Marlena Fiol, author of Nothing Bad Between Us, has uploaded a new installation of her “Choosing Compassion Over Fear” series, this time she talks with Jonathan Reckford, CEO of Habitat for Humanity.
Choosing Compassion Over Fear: Becoming Our Best Selves by Serving Others
featuring Jonathan Reckford, CEO of Habitat for Humanity
As part of our ongoing series, Choosing Compassion Over Fear, I am featuring some of our most cherished friends and colleagues to discover how they have navigated the landscape of doubt, insecurity, tragedy, and fear to move toward becoming their truest selves. Today, we are honored to present a very special excerpt from Habitat for Humanity CEO Jonathan Reckford’s marvelous book, Our Better Angels: Seven Simple Virtues That Will Change Your Life and the World. *****
The actual act of doing something, of being useful, as my grandmother always used to remind me, amplifies all of the other virtues in this book. My grandmother Millicent Fenwick and my godmother, Jill Ker Conway, were two very important role models for me when it came to having a purpose in life and serving others.
I believe that for both of them a large part of their motivation to serve was a response to hardship and sadness. Both of them could so easily have shrunk away from life because of early setbacks, but instead they turned outward and soared.
Jill was my closest mentor and guide until her passing in 2018. Her complete CV would take up several pages in this book, but here are some of the highlights.
By the age of seven, Jill was doing the same strenuous labor as her two big brothers on the family sheep farm in the extremely isolated wilds of the Australian outback. Her only education was homeschooling from her mother one day a week, but this took a backseat to tending the 32,000- acre ranch. With the onset of a deadly drought, everything fell apart for the family.
When she was ten, her father drowned while trying to fix a water pipe. Her mother tried to keep the farm going, but the drought persisted, and the family was deeply in debt. They moved to Sydney, where she and her brothers experienced profound culture shock. She went to boarding school and finally found the academic environment her eager mind had been craving. After graduating with honors from the University of Sydney and winning the University Medal in History, she applied for a position in the Australian foreign service. She was turned down by the all- male selection committee, while her male classmates were accepted. This was a heartbreak that went on to fuel a life- time of fighting for women’s equality.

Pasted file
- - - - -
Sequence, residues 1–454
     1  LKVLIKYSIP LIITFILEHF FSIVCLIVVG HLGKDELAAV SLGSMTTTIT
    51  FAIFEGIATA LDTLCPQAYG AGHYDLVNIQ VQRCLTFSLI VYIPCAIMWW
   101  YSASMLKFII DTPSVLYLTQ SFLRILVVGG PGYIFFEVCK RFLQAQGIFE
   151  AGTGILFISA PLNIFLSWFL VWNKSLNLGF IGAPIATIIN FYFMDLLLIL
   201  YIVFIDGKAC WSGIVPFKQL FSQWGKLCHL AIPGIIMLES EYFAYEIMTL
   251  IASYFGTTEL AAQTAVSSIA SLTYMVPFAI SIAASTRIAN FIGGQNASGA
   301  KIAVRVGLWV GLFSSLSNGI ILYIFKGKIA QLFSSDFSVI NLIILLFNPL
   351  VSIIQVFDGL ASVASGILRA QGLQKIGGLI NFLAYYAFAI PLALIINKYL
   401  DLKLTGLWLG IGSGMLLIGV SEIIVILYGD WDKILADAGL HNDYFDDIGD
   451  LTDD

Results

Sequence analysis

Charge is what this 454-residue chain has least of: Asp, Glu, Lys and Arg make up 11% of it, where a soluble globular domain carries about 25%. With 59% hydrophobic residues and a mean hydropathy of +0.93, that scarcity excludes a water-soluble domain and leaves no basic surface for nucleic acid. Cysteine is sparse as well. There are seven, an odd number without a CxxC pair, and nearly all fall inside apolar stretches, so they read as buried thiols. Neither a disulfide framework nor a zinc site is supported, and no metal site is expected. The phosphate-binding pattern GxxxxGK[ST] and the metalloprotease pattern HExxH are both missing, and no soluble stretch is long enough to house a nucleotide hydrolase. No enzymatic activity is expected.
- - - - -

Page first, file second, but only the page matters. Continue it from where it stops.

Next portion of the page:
Jill earned her PhD from Harvard, where she met the love of her life, John Conway, a Canadian professor of his- tory who had been a mentor to my father. Jill and John married in 1962, the year I was born. Jill began her career as a history professor and then became vice president at the University of Toronto. She became an administrator because when she discovered deep pay inequities for women professors and protested, they put her in charge of fixing it. Jill was the first woman to be president of Smith College, where she doubled their endowment. She advocated for students on financial aid and students who’d had to take time off or cut back their studies because of work and family obligations. She wrote several books, including her bestselling memoir The Road from Coorain.
After her retirement she served on the board of a non- profit focusing on homelessness, particularly among veterans. John was a World War II hero who’d jumped on a grenade to save his company, losing an arm in the process, so veterans’ issues was another cause that was dear to her. In 2013, President Barack Obama presented her with a National Humanities Medal.
Jill had the remarkable gift of presence. I’ll never forget a night when I went to visit her at Smith when I was in junior high. We had a long, wonderful dinner, and even though I was only thirteen years old and she probably had hours of work waiting for her on her desk, she made me feel like I was the center of the world and what I had to say was important. Whenever I had a big life decision, I would always make a pilgrimage to see her and get her advice.
Service was everything to Jill. Despite the losses and disappointments she’d been through, she chose to focus on the blessings. She lived a long, full life, but I still mourn her passing.
Another one of my role models and a person I would never want to disappoint was my grandmother. Grandma had a larger-than-life personality and, like Jill, went through her share of tragedy. When she was five years old, her mother and father were on the Lusitania when it was sunk by a German U-boat. Tragically, her mother died when her lifeboat overturned. He survived by clinging to wreckage, but he went on to marry a difficult woman with whom Grandma never had a good relationship. Her father was a passive presence, deferring to his wife’s wishes.
Grandma was a brilliant person who spoke multiple languages fluently, but she never graduated from high school. She scandalously married a charming divorcé who turned out to be as unreliable as everyone had warned her he was. He decamped for Europe in 1938, leaving her with two young children and his debts, which she was determined to pay off. Without a high school diploma, however, she had a hard time finding a job. She finally got hired as a writer for Vogue and in 1948 wrote Vogue’s Book of Etiquette, which sold a million copies. But it was in her later years that she finally got to live out her ferocious drive for social justice.